More than 3,400 children now go to secondary schools in Aylesbury which require improvement '“ so what are the authorities doing about it?

The Mandeville, The Grange and the Aylesbury Vale Academy are where the majority of children in the town will end up '“ and all of them have been criticised by Ofsted.
More than 3,400 children go to schools which require improvementMore than 3,400 children go to schools which require improvement
More than 3,400 children go to schools which require improvement

In January the education watchdog gave both the Grange and Mandeville ‘requires improvement’ ratings – the former going from ‘good’ and the latter coming out of special measures. The Academy also received the same verdict at its last inspection at the end of 2014.

The percentage of pupils achieving five GCSEs including maths and English at the three schools in 2015 averaged just over 38% (Grange 41%, Academy 38% and Mandeville 36%) – compared to other secondary moderns such as Waddesdon (77%), Cottesloe (67%) and John Colet (62%) and the Bucks average of 68%.

Councillor Zahir Mohammed, education portfolio holder at Bucks County Council, said: “The county council is aware of the performance at these three schools.

“The council is committed to securing improvements in its schools and therefore commissions the Buckinghamshire Learning Trust (BLT) to carry out targeted school improvement activities on its behalf. BCC and the BLT are working with identified schools to provide a range of school improvement support. The impact of this support is closely monitored by schools and external partners and regulatory bodies.”

In the council’s draft budget it suggested that funding for non-statutory school improvement, provided by the BLT could be cut. But Mr Mohammed claimed that each of the three schools is being closely monitored and supported, and are part of an improvement project.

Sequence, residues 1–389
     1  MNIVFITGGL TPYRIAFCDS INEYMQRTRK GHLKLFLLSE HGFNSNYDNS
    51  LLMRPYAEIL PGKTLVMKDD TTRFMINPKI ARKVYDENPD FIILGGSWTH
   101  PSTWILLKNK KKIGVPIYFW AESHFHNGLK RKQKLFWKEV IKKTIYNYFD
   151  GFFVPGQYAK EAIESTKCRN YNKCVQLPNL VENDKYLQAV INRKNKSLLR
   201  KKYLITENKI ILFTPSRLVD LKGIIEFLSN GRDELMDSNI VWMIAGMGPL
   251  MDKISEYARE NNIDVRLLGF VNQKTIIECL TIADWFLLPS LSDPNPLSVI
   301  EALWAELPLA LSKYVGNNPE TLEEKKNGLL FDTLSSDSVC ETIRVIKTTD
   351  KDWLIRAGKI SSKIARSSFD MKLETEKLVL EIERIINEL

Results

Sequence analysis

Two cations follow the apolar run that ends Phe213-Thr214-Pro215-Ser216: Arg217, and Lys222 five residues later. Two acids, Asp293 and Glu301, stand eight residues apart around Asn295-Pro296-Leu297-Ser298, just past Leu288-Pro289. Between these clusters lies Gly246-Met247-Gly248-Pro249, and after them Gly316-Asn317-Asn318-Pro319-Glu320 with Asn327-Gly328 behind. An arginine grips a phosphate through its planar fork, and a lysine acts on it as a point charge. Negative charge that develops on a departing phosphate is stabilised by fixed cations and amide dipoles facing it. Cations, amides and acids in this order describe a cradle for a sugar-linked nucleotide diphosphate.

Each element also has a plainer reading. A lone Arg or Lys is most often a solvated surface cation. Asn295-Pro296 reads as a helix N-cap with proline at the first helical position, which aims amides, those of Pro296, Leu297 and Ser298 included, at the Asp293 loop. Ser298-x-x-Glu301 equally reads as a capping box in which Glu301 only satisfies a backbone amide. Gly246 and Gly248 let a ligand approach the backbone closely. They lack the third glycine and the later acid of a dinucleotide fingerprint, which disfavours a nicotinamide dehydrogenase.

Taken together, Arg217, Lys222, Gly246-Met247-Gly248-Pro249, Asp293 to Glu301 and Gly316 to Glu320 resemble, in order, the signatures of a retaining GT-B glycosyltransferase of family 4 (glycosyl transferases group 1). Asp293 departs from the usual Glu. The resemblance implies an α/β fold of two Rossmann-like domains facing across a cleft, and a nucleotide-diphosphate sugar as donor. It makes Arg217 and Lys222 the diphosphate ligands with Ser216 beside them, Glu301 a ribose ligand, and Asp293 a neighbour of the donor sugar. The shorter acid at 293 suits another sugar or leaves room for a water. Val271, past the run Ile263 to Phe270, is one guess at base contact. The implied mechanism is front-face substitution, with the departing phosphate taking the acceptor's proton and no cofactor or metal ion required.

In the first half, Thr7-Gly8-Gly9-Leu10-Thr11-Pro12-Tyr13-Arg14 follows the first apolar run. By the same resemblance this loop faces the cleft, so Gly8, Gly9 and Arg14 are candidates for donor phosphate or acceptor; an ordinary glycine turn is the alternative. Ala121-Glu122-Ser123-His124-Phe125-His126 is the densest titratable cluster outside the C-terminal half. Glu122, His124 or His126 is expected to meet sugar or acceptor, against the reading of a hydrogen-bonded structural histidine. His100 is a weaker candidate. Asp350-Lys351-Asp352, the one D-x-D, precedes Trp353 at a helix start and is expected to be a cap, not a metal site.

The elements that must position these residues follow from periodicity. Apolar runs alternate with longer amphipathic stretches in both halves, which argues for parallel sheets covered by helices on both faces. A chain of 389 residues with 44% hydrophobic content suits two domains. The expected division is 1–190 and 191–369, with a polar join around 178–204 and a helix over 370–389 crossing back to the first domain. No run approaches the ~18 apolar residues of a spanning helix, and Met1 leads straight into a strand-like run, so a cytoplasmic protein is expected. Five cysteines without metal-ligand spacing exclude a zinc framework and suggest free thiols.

He added: “There is a clear expectation that the schools involved will make progress during this academic year.

“The council continues to support schools and as the National Foundation for Educational Research report recently pointed out, learning is a journey, that contrary to demands, there is no quick fix and what works in one school does not necessarily work in others.”

Aylesbury does of course have outstanding grammar schools – but only 16% of children in the Vale passed their 11+ (the county-wide cohort is 33%), with the percentage believed to be even lower for the town itself.

Mr Mohammed said the grammar school system is as ‘fair as possible’.

He said: “It is our mission to ensure that all children and young people in Bucks can attend a school that is ‘good’ or ‘outstanding’ irrespective of the nature or status of that school.

“The secondary transfer process is set by the grammar schools to identify the approximately 33% of the overall cohort that will best benefit from the type of education provided by grammar schools. Children from Aylesbury can attend the grammar schools if they meet the county-wide threshold level. I think it is designed to be as fair as possible to give children the most appropriate education for their ability.”

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